Tuesday, December 7, 2010 — From Christchurch to McMurdo Station
Tue, 12/07/2010 - 2:40pm
We met this morning at 5:30 a.m. for breakfast in the hotel and had to be packed and ready to go at 6:30 a.m. I left all of my Atlanta clothes at the hotel and have my trusty Extremely Cold Weather clothes and Emergency Survival Bag. We were driven to the plane, a military C-17 and loaded our ECW bag on the plane and hand-carried our ECW survival bag on board with us.
This is definitely not first class. The plane is really a cargo plane and is huge inside. There is no commercial equivalent, and it is much bigger than a 737 with a huge fuselage for carrying cargo. The Air Force pilot told us that he flies a KC-135, the equivalent of the 737 and it holds 120,000 pounds of cargo. The C-17 carries half again that much fuel.
A large number of military folks are on board, probably 25 or so, all going down for assignment. Many of the seats are aligned along the sides with space for cargo in the center – no windows and one bathroom. The flight attendants all appear to be young men, about 25 and in fatigues. I have never been called sir so many times in 20 minutes as I was getting on the plane. I went to take a picture and one of them came up to me and said, “That’s military aircraft and they are not real wild about pictures.” OOPS. They issue ear plugs, which are a must, a sack lunch in which everything appears to be biodegradable, and we are off, scheduled to arrive at 2:00 p.m.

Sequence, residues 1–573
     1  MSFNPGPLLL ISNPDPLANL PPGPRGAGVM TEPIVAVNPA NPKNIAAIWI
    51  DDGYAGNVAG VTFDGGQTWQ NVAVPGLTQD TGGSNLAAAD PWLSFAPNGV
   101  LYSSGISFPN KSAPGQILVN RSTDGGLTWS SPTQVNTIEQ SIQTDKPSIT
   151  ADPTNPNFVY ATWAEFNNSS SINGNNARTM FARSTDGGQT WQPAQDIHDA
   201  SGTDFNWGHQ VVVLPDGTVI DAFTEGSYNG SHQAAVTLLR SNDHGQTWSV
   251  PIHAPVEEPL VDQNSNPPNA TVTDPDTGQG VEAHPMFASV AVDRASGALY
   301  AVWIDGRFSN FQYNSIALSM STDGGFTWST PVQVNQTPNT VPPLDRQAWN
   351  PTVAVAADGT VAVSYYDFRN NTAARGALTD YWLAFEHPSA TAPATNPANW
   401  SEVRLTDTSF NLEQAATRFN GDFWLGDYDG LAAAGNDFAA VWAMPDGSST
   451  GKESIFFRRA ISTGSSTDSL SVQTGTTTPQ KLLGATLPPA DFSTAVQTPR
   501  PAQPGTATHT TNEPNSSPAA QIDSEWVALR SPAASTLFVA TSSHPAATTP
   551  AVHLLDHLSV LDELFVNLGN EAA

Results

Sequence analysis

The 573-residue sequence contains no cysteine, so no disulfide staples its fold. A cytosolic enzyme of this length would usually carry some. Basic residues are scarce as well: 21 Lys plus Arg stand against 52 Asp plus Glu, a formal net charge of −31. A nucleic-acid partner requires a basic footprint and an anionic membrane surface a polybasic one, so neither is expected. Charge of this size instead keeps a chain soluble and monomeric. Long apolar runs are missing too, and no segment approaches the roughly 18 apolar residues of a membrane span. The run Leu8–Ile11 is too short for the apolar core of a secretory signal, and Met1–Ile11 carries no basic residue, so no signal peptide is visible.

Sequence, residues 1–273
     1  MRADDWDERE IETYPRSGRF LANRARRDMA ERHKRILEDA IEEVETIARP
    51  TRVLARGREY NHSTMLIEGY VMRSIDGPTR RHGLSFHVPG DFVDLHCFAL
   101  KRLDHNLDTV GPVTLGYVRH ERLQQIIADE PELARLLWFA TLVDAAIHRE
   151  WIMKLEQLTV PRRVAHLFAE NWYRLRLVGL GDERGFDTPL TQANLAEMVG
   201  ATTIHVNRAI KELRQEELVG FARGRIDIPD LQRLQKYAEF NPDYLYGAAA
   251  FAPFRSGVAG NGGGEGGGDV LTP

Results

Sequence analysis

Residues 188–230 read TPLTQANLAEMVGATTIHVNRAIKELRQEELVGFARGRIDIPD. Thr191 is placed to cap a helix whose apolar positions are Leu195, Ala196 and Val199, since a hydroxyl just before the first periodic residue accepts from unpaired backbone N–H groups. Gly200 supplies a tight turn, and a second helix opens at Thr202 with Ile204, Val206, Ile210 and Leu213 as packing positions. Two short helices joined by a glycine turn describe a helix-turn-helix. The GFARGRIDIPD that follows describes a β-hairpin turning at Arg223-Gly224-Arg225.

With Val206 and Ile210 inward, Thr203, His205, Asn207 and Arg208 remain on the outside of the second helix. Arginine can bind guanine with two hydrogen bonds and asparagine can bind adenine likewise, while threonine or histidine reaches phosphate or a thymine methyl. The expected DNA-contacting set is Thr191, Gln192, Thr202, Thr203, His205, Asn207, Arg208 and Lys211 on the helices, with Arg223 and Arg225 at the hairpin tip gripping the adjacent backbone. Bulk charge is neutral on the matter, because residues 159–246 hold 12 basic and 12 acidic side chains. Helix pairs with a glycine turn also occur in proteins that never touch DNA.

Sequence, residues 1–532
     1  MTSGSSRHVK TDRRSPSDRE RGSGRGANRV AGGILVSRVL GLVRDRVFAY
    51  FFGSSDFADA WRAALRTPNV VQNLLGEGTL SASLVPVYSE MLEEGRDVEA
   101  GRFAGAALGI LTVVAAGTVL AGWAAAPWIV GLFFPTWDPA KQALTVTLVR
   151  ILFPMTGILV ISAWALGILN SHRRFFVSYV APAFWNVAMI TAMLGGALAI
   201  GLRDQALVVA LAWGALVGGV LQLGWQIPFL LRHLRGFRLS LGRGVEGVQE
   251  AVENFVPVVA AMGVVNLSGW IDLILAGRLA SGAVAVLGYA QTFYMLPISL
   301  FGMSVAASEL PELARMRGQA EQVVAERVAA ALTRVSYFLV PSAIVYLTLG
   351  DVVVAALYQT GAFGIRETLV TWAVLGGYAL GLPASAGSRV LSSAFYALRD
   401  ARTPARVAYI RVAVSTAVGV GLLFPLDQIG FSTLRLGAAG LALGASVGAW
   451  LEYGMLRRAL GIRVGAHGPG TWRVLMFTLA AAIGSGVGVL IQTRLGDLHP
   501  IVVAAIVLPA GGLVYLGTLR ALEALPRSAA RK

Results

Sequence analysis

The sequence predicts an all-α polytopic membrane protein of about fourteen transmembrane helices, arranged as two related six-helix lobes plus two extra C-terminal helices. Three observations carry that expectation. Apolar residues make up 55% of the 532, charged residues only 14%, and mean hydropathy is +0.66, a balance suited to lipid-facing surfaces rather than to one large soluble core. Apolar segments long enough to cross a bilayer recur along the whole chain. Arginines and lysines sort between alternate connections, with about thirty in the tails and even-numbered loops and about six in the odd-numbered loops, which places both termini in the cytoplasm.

They let us go up into the flight deck and look out over the coast, which just appears to be a huge cliff of ice rising up out of the ice floe. Everywhere you look it is white and very bright ... absolutely no signs of life anywhere.
One thing you notice right away — both in the training videos and here on the plane and to some degree in the culture in Christchurch — sustainability and conservation are everywhere. I think it is perhaps because of the very strong desire to preserve the pristine nature of Antarctica and that carries over to the way people think, certainly those going on the ice and also those in Christchurch. The Office of Polar Programs is very strict about what you can and cannot take when you go on the ice. For example, no aerosols are allowed. The backpacking philosophy of “pack it in, pack it out” is very much alive in Antarctica, and it is very apparent in the way they prepare us for our visit. We are cautioned about preserving the environment – no plants, animals, not even mud on your boots, and they ask you to limit the amount of plastic.
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Tue, 12/07/2010 - 4:00pm